The EV adventure in China has been successful in some respects, not least with 5.9 million EVs sold on the Chinese market, amounting to 59% of EVs sold globally. However, as a means to reduce climate change, the effort has tended to “put the cart in front of the horse”, because EVs are not particularly environmentally friendly without a steady stream of renewable electricity supply. Academic Erik Baark lays out the factors involved.
Japan’s discharge of treated nuclear wastewater into the sea has dealt another blow to the political, economic and trade relations between China and Japan. Zaobao correspondent Yu Zeyuan elaborates.
China's energy storage sector is experiencing rapid growth due to an accelerated uptake of renewables in the country’s energy mix and other factors. But the booming industry also faces some serious challenges. Here are five things to know about China’s energy storage industry.
It has been 12 years since the Great East Japan Earthquake and the resulting tsunami that damaged a nuclear power plant at Fukushima. As plans progress to release treated wastewater from the nuclear power plant into the sea, Lianhe Zaobao journalists Tan Jet Min and Foo Choo Wei explore the challenges in the decision, as well as the difficulties facing related industries, such as fishing.
While Chinese e-commerce platforms like Shein and Temu have been doing well in achieving fast and high growth in the US market, they face commercial and regulatory challenges too and would need to undertake several risk mitigation strategies.
Acknowledged as a key industry in the National Mid-Term Development Plan 2015-2019, Indonesia's nickel industry has witnessed significant investments, especially from China. While the industry faced a boom from the Russian-Ukraine conflict and the easing of China’s zero-Covid policy, the unchecked growth of Class 2 nickel production from Indonesia could cause oversupply in global markets and suppress the commodity’s price. In crafting new policies, Indonesia must also prioritise stronger social and environmental safeguards.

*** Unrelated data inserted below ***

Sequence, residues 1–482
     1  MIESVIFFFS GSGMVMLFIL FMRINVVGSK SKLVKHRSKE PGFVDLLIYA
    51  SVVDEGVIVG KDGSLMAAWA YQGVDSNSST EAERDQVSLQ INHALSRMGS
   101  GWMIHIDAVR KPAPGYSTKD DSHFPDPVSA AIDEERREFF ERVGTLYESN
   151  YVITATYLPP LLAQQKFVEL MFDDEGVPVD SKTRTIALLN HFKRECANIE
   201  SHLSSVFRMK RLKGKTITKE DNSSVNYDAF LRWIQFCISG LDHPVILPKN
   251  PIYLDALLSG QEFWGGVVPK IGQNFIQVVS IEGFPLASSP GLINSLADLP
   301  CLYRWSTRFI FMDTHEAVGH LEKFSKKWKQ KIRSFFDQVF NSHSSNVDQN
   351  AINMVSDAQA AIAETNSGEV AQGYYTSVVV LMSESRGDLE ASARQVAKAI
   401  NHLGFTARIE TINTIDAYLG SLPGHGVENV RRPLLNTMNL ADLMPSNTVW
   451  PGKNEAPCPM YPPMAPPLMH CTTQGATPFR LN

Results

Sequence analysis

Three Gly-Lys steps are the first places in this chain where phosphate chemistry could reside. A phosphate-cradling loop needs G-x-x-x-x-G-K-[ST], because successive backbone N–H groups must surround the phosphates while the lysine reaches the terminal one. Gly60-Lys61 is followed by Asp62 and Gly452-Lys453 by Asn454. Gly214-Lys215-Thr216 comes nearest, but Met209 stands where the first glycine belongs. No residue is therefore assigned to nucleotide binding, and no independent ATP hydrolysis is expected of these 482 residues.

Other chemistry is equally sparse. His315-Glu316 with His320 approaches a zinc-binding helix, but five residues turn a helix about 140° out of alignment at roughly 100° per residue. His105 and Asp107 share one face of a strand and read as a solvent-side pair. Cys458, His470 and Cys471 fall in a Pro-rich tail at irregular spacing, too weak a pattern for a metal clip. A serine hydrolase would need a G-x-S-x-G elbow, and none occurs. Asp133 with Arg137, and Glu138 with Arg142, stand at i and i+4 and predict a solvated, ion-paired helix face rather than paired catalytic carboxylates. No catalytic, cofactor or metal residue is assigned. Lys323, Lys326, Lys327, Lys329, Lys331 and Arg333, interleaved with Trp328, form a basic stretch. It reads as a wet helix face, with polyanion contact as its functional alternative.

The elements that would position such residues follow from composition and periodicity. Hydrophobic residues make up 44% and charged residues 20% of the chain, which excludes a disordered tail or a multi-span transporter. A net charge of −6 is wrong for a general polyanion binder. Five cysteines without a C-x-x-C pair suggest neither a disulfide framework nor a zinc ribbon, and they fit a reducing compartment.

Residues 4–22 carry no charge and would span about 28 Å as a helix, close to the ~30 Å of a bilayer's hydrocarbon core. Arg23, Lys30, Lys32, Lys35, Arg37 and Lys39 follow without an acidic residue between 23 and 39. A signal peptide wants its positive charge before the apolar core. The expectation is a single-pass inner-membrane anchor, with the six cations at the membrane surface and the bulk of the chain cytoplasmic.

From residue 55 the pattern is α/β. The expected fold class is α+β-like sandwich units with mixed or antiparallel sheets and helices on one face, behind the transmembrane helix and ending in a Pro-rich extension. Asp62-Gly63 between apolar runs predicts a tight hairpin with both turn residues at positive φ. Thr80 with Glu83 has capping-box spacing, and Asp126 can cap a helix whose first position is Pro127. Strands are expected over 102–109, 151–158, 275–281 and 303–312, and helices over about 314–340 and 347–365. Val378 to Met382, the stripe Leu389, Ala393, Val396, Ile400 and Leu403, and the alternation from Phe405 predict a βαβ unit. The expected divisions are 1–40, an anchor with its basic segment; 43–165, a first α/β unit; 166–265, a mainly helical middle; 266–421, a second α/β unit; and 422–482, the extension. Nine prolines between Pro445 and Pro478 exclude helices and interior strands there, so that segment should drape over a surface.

With just about six months to go to the COP28 climate change conference in Dubai, how is China stepping up its transition to a low-carbon economy and is it on track to achieve a peak in carbon dioxide emissions before 2030 and carbon neutrality before 2060?
The Chinese government has set targets for hydrogen-powered vehicles and diverse uses of hydrogen until 2035 as part of its push to get industries to shift to clean energy. However, given the processes and costs involved, it remains to be seen whether the initiative will gather enough momentum.
China’s food self-sufficiency ratio has plummeted to 76% in 2020, sparking worries of a food shortage. While the government reassures the people that food reserves are plentiful, China is highly dependent on imported food and its area of arable land is declining. China clearly needs to come up with innovative economic, social, environmental and agricultural policies if it hopes to become an “agricultural power” and avoid a food crisis.